- Have three numbers. What’s your bottom line, the number you can’t—or won’t—go below? What number would you be happy with? What’s your ideal number, even if it’s a bit of a stretch? Never accept an offer that’s below your bottom line. Since raises are often based on your current salary, accepting a lowball number means you’ll be compounding lost wages year after year. And make sure your numbers are reasonable—a stretch number that’s too high could jeopardize your chances of being taken seriously.
- Write your numbers down. Keeping a record can help you revisit your goals and assess your progress whenever you’re doing long-term career planning.
- Think about other items of value. If you’re hitting a salary ceiling but are otherwise happy with your job, think about other things that are valuable to you, like remote flexibility, vacation days, or passes to industry conferences.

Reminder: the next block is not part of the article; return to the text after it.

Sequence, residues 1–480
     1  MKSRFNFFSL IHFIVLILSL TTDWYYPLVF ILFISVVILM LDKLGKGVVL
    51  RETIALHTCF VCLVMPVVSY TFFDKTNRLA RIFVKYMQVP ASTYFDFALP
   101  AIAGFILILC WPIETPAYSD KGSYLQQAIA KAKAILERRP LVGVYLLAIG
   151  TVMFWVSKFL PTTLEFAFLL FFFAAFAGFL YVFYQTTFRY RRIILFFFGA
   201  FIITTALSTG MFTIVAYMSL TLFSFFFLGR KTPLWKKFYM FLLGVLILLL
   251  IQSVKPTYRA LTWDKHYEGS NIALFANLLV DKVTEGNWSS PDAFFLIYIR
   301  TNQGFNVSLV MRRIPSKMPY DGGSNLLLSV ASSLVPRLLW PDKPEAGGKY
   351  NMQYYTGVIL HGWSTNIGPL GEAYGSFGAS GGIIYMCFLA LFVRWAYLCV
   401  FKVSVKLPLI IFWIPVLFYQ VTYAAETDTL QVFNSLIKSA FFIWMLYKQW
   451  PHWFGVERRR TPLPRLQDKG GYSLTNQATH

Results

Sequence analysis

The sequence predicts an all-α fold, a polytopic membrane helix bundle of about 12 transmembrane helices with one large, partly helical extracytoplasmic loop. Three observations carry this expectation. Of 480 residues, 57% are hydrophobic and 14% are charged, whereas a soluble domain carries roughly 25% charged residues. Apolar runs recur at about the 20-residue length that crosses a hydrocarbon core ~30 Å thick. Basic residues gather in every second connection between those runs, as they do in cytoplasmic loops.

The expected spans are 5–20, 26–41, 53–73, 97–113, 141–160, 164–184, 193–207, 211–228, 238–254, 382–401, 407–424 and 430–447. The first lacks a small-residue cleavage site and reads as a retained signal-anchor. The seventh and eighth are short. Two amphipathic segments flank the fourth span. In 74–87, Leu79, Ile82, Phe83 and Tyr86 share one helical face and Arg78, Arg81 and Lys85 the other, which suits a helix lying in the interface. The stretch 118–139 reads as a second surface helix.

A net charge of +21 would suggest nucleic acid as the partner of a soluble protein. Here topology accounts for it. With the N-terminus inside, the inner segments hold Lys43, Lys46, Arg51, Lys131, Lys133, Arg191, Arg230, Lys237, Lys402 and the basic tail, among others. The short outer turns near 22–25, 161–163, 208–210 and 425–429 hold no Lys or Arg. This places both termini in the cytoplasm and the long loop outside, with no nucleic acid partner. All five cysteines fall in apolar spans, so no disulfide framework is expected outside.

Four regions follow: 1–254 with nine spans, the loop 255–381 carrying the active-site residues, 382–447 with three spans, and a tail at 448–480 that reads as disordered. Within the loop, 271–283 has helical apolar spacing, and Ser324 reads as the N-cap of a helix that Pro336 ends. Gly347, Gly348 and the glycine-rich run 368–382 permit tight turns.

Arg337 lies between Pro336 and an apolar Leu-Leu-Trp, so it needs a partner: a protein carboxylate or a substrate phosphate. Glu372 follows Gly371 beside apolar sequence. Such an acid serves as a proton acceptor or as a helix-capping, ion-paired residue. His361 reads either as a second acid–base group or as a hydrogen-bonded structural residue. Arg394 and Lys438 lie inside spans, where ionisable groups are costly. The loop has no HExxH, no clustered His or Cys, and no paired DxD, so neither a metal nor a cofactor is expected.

How can I find a new marketing job?
If your company can’t meet your salary bottom line or provide opportunities for professional growth, it may be time to make a change. If you’re considering relocating, be sure to check out our guide’s breakdown of salaries by city, as well as our findings on the top 20 UK cities for content marketing, SEO, and PPC jobs.
A few things to keep in mind:
- Bigger isn’t always better. Though a bigger city may have more job openings, there’s also likely more competition for those roles.
- Salaries vary, but so do expenses. While salaries may be higher in a big city like London, you may end up taking home more in a smaller city with a lower cost of living.
- How will you stay connected? If you are considering a move to a smaller city, there may be fewer networking and career development opportunities. Think about how you might be able to address that by asking your company to send you to conferences or other events.
Is digital marketing a good career?
Digital marketing is a thriving, high-growth industry, with ample opportunity for personal and professional development. Companies recognize the high ROI of SEO and digital content, and are investing in their marketing teams.